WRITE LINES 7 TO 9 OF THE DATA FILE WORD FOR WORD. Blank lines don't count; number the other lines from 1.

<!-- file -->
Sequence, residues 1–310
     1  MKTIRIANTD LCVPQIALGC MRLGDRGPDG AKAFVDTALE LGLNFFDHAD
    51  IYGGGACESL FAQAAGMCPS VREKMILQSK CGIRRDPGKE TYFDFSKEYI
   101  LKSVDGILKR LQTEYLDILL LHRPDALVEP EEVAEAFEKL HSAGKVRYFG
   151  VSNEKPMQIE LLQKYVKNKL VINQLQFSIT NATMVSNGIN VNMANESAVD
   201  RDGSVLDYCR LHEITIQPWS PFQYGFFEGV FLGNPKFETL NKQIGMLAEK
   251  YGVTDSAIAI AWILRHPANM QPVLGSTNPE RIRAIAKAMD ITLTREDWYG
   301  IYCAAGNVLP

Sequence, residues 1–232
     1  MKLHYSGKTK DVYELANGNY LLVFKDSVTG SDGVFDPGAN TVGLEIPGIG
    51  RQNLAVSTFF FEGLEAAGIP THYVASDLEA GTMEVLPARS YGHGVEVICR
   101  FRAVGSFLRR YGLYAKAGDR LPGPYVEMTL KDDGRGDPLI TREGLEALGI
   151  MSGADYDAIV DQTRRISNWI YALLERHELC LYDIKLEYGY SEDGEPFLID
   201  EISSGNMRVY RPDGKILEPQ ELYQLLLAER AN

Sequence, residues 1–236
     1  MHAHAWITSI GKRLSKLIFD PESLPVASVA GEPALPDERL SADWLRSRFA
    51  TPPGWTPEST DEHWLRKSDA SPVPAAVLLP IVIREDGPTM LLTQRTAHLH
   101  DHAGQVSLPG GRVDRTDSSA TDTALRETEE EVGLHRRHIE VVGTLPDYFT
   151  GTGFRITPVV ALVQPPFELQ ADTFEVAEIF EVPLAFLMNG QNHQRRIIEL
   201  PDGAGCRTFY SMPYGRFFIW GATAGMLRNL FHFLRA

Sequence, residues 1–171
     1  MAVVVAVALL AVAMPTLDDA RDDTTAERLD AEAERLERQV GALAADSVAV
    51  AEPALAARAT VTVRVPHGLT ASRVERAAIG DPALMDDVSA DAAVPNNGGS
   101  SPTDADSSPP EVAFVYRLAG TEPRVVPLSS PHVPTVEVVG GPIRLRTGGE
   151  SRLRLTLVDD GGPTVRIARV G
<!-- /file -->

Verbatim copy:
   251  YGVTDSAIAI AWILRHPANM QPVLGSTNPE RIRAIAKAMD ITLTREDWYG
   301  IYCAAGNVLP

Sequence, residues 1–232